For some people, creating a trust as part of their estate planning process can be a savvy move to protect their assets and their legacy. But with so many different types of trusts, it can be confusing to know which type is right for your unique situation and objectives. Let’s take a look at what a trust is and some of the different types of trusts that are available.
Some basics about trusts
There is a misconception that trusts are only for the ultra-wealthy. The truth is that a trust can benefit just about any adult who owns property, has other assets, and/or has a dependent.
A trust is a legal document that establishes a “virtual container” for a person’s assets — primarily money and property. In essence, the trust forms a legal connection between:
- The trust – The legal document created by the grantor, i.e., the owner of the assets
- A trustee – The institution or person who manages the trust’s assets in the best interest of the beneficiary
- The beneficiary or beneficiaries – The person, people, or organization that benefits from the trust
In the simplest terms: A trust puts into writing how the grantor’s assets can be used during their lifetime, as well as how their assets should be passed along to the trust’s beneficiaries when the grantor dies. Spelling out these detailed wishes can help avoid confusion and strife after a person passes away — similar to a will. However, depending on the type of trust that is created, trusts can provide certain benefits for estate planning and asset protection that wills do not.
For instance, the assets in a trust can sometimes minimize the estate taxes owed by your loved ones and avoid the probate process (where a will must be proven valid), which can be lengthy and expensive for your heirs. Trusts can enable you to provide for a spouse and/or children after your death, or designate contributions to your preferred charitable organizations. They also can help protect your assets from legal action and creditors.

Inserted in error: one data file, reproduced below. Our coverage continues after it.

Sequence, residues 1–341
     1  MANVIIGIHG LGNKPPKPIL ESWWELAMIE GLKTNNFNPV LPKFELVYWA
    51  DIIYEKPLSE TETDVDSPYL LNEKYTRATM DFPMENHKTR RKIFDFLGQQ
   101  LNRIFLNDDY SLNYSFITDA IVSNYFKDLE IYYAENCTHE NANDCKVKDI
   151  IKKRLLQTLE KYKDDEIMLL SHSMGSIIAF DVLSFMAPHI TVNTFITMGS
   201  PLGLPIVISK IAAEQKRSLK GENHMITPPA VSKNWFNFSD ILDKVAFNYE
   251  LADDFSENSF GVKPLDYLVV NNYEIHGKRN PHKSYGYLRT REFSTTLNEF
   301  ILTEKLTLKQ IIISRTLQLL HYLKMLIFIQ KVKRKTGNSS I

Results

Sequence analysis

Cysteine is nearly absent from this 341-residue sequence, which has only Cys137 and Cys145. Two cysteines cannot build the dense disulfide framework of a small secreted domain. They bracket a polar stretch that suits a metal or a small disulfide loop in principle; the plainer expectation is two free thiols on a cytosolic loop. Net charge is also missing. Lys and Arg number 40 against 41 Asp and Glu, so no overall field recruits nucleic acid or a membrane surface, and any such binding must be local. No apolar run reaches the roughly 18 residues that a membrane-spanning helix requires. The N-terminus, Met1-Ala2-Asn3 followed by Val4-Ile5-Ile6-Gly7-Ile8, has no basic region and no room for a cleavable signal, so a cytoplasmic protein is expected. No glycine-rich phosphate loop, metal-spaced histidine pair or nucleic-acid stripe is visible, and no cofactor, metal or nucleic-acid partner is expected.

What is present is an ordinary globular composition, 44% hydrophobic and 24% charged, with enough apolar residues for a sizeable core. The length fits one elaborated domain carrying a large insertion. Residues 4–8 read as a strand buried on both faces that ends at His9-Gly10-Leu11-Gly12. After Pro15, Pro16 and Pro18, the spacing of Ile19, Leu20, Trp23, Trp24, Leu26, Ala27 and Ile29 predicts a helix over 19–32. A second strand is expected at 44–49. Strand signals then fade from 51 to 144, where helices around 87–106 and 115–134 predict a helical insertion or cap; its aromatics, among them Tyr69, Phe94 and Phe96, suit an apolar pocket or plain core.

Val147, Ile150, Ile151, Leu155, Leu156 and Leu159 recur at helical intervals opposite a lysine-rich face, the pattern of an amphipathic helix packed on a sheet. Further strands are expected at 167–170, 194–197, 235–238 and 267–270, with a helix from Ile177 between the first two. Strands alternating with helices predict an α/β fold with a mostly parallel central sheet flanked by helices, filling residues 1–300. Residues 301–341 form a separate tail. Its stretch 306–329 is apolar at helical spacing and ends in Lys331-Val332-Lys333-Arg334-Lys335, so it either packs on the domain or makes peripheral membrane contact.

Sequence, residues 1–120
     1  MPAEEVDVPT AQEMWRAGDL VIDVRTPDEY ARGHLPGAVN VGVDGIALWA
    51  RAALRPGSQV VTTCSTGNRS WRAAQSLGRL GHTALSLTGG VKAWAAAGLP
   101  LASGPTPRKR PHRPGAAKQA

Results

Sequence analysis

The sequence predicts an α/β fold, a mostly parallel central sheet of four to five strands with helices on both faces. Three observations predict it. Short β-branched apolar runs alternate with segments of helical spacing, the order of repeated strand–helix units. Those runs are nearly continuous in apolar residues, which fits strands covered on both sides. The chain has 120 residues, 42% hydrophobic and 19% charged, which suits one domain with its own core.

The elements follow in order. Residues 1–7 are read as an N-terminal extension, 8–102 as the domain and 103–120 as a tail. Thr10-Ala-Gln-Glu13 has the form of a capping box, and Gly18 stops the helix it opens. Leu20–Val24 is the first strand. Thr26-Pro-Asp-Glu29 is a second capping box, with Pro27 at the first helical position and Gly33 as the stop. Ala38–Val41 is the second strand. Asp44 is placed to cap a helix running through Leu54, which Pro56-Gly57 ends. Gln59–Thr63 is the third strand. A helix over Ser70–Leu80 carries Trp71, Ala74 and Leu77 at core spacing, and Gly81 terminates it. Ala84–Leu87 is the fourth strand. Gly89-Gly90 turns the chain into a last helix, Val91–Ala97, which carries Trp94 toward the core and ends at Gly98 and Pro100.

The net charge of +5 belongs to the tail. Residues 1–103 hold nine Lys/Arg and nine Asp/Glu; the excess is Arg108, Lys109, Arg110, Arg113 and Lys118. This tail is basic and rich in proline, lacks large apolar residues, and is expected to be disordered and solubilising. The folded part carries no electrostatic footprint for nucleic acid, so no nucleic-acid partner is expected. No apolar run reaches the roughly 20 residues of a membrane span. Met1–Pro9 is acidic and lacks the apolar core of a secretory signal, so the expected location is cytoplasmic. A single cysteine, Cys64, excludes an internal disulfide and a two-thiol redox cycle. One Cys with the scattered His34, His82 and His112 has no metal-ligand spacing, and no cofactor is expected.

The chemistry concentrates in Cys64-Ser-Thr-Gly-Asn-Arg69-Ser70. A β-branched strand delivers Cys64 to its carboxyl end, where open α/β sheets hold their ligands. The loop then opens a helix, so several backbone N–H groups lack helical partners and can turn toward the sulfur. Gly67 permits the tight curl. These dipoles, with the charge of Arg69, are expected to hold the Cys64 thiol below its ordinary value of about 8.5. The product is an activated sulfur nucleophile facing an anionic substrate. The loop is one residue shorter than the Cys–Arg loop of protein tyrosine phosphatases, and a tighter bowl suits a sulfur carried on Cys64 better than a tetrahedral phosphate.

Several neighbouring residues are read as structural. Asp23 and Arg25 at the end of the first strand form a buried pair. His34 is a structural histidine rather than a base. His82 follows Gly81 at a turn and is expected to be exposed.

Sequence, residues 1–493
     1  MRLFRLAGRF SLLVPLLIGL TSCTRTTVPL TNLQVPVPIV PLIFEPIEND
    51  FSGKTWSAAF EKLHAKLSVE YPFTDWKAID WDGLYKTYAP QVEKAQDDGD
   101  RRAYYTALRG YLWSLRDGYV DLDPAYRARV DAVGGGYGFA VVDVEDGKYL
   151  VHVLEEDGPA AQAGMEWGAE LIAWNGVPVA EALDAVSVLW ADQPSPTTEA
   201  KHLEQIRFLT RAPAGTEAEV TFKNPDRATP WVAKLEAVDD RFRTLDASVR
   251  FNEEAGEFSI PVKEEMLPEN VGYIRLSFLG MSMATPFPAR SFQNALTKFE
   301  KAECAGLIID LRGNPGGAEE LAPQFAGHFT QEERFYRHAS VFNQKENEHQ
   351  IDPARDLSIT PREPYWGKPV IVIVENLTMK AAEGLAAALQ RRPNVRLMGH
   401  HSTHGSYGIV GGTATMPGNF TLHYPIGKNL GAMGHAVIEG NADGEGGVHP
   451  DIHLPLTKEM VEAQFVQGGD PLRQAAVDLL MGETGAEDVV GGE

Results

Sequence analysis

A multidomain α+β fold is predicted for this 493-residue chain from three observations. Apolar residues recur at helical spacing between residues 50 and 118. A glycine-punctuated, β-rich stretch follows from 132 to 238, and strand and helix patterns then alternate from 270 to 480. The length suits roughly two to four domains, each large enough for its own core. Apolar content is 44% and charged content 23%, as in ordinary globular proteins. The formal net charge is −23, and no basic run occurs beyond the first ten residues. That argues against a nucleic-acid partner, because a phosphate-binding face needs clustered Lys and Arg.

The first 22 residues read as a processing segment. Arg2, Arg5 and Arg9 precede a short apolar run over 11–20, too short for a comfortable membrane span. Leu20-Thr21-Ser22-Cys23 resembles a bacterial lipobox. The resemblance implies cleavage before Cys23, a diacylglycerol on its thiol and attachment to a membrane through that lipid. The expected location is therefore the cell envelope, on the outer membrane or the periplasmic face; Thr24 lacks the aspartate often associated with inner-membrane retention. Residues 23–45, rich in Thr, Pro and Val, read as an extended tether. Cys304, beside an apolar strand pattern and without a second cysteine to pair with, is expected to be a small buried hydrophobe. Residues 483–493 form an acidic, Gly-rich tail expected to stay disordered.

Categorizing the most common types of trusts
The most common types of trusts will fall into two or more of the following categories:
- A living trust (also called an inter vivos trust), which is established and active during the grantor’s lifetime
- A testamentary trust, which is created after the grantor’s death
- A joint trust, in which a couple retain joint control over assets while both are living, and assets then pass to the surviving partner when one dies
- A revocable trust, which the grantor can change or revoke entirely, as long as they are deemed mentally competent
- An irrevocable trust, which the grantor cannot change or revoke once it is created unless all beneficiaries consent to the change
- A funded trust, contains designated assets in the name of the trust while the grantor is still living
- An unfunded trust, only contains assets from the grantor’s will once the grantor passes away
Choosing the right type of trust
For the majority of people, a living revocable trust is a straightforward way to benefit your named beneficiaries after you pass away. It will enable your loved ones to avoid the often-costly probate process and minimize or avoid estate taxes.
But depending on your goals, some people do need a more specialized type of trust. For instance, an irrevocable trust may be beneficial if you work in an often-litigious profession, such as lawyers and doctors. An irrevocable trust prevents legal judgements or creditors from seizing your assets, whereas a revocable trust does not provide this advantage.
Other unique types of trusts
There are many other types of trusts that are designed to meet a person’s unique needs, such as:
AB trusts – Can be an effective tactic for minimizing estate taxes for married couples. It is similar to a joint trust, but an AB trust essentially splits the trust into two upon the first partner’s death. The “A trust” becomes the surviving partner’s trust, and the “B trust” is the decedent’s.